Who said Oslo was a dud? Well, Oslo the agreement, signed with much fanfare and effusive handshakes on the White House lawn exactly 24 years ago this month, was. But Oslo the play is not.
In fact, Oslo premiered successfully in April this year, winning several important awards, including a Tony for Best Play, with the New York Times theatre critic Ben Brantly ballyhooing: “Some works of art cry out for large canvases, and Oslo is undeniably as expansive as any in recent Broadway history, directed with a master’s hand [by JT Rogers]”. And at the end of September, this smash hit, about the behind the scenes efforts of Mona Juul and Terj Rod-Larson to bring Palestinian and Israeli officials together to negotiate a peace agreement, will have a four-month run at the West End’s Harold Pinter Theatre in London.
Well and good. But if all the world’s a stage, as the bard professed, let us move from Broadway to Palestine, where the real Oslo played out, in real time, exactly a year short of a quarter century ago.
So many ordinary Palestinians who lived in the West Bank at the time, and could see with their own eyes how the Israeli government did not shy from frenziedly accelerating the expansion of old colonies there, and the building of new “for Jews only” roads to connect them to Israel, at the time pointed to September 13, 1993 — the day the Oslo Accords were signed on the White House Lawn — as “a date which will live in infamy”, much in the manner that President Franklin D. Roosevelt, in a speech to a joint session of Congress, identified December 7, 1941, the day the Empire of Japan attacked the US naval base at Pearl Harbor.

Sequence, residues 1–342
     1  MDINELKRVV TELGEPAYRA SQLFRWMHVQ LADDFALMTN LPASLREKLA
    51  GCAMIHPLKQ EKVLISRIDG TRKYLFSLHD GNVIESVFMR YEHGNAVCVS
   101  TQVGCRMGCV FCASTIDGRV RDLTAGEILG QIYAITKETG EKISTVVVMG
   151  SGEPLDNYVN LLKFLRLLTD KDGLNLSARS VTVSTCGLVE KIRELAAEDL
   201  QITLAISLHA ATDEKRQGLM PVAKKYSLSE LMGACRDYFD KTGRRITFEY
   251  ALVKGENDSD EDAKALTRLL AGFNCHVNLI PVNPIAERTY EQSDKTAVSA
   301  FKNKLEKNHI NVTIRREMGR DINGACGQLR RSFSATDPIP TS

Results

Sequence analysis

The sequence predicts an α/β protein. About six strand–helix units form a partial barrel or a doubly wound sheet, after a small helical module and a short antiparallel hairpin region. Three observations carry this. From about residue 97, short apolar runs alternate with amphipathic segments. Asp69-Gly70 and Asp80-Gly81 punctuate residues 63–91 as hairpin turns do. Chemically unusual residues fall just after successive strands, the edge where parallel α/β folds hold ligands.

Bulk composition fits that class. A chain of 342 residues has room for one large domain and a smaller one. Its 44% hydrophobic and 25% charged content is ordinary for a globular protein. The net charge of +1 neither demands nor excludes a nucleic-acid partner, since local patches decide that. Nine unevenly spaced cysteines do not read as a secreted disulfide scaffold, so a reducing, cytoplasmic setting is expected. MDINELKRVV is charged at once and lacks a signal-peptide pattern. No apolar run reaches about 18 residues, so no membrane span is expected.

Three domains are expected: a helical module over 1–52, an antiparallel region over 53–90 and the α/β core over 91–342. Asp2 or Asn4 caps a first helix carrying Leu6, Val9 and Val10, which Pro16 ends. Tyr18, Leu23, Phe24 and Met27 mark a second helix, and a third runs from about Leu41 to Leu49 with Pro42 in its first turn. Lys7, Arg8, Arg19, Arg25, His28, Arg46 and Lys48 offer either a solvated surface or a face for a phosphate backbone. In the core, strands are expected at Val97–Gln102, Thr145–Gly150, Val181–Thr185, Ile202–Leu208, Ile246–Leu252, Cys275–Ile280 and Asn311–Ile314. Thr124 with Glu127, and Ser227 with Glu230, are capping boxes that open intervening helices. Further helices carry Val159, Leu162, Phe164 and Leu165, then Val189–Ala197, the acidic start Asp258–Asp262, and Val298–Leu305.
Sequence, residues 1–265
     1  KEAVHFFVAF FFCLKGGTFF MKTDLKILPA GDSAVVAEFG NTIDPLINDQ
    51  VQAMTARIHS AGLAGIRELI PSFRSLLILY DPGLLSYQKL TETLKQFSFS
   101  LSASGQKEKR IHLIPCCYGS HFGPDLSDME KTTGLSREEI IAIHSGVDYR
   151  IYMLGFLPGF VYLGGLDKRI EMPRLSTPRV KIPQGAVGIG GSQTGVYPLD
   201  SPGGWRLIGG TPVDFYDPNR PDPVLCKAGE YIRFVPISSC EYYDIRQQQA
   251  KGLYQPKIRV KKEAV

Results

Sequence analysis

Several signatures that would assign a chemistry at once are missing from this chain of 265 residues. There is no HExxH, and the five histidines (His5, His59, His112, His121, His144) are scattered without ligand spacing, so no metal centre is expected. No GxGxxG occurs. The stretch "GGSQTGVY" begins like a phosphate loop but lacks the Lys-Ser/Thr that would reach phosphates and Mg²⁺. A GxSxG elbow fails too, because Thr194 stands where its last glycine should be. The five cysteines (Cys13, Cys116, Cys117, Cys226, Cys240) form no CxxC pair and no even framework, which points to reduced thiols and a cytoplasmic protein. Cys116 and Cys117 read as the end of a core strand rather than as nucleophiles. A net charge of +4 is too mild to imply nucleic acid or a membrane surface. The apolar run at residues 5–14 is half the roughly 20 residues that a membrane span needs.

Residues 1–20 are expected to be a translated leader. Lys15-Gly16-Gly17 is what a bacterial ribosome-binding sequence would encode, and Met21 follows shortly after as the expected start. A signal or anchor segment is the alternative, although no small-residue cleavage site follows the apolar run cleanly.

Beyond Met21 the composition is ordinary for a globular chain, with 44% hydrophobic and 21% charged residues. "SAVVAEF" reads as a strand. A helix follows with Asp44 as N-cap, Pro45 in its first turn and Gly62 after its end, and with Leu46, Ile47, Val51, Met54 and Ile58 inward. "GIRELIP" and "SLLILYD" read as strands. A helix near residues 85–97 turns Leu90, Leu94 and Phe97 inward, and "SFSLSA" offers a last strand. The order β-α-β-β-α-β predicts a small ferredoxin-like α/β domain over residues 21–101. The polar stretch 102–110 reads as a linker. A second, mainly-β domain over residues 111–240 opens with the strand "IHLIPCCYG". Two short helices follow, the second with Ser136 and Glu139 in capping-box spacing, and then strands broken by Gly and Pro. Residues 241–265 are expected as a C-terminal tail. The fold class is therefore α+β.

Those Palestinians were later forgiven their resort to this seemingly hyperbolic rhetoric, for as time went on, it became clear that the people of Palestine ended up getting nothing, absolutely nothing, and Israel getting an embarrassment of riches, from the deal.
How so? Well, consider this. Just over a year after Oslo, in October 1994, Jordan signed a peace agreement with Israel, formalising diplomatic, trade and security cooperation with it. And after that — arguing that if Palestine was now “at peace” with Israel, there was no reason for them to hold back — other countries followed suit. So India and China did just that, enabling Israel to reap great benefits from the formalisation of diplomatic, trade and military ties with the two most populous nations in the world. Elsewhere, in Africa, Asia and South America, countries that hitherto had been hesitant to deal with Israel, effectively invoked the same argument and signed similar diplomatic treaties. No one knew at the time that Israel negotiated in bad faith and had no intention of impeding, let alone blocking, its colonial designs on Palestine. And those Palestinian officials who negotiated secretly, in a secluded castle outside the Norwegian capital, with their Israeli counterparts, negotiated in the dark, for they did so in the absence of a single expert in international law at their side to advise them on the many loopholes in the accords they were signing on the dotted line.